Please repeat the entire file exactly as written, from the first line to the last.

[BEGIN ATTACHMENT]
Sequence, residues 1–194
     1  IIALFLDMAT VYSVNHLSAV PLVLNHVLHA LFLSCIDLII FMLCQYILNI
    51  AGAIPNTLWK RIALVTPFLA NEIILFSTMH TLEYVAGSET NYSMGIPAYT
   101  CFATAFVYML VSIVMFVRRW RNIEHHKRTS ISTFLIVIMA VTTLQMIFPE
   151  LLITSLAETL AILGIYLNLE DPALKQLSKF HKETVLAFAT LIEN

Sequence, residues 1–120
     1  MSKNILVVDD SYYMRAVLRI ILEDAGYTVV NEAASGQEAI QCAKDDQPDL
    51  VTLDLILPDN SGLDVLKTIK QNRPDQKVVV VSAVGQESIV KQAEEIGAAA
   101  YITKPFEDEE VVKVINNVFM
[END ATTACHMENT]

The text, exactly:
Sequence, residues 1–194
     1  IIALFLDMAT VYSVNHLSAV PLVLNHVLHA LFLSCIDLII FMLCQYILNI
    51  AGAIPNTLWK RIALVTPFLA NEIILFSTMH TLEYVAGSET NYSMGIPAYT
   101  CFATAFVYML VSIVMFVRRW RNIEHHKRTS ISTFLIVIMA VTTLQMIFPE
   151  LLITSLAETL AILGIYLNLE DPALKQLSKF HKETVLAFAT LIEN

Sequence, residues 1–120
     1  MSKNILVVDD SYYMRAVLRI ILEDAGYTVV NEAASGQEAI QCAKDDQPDL
    51  VTLDLILPDN SGLDVLKTIK QNRPDQKVVV VSAVGQESIV KQAEEIGAAA
   101  YITKPFEDEE VVKVINNVFM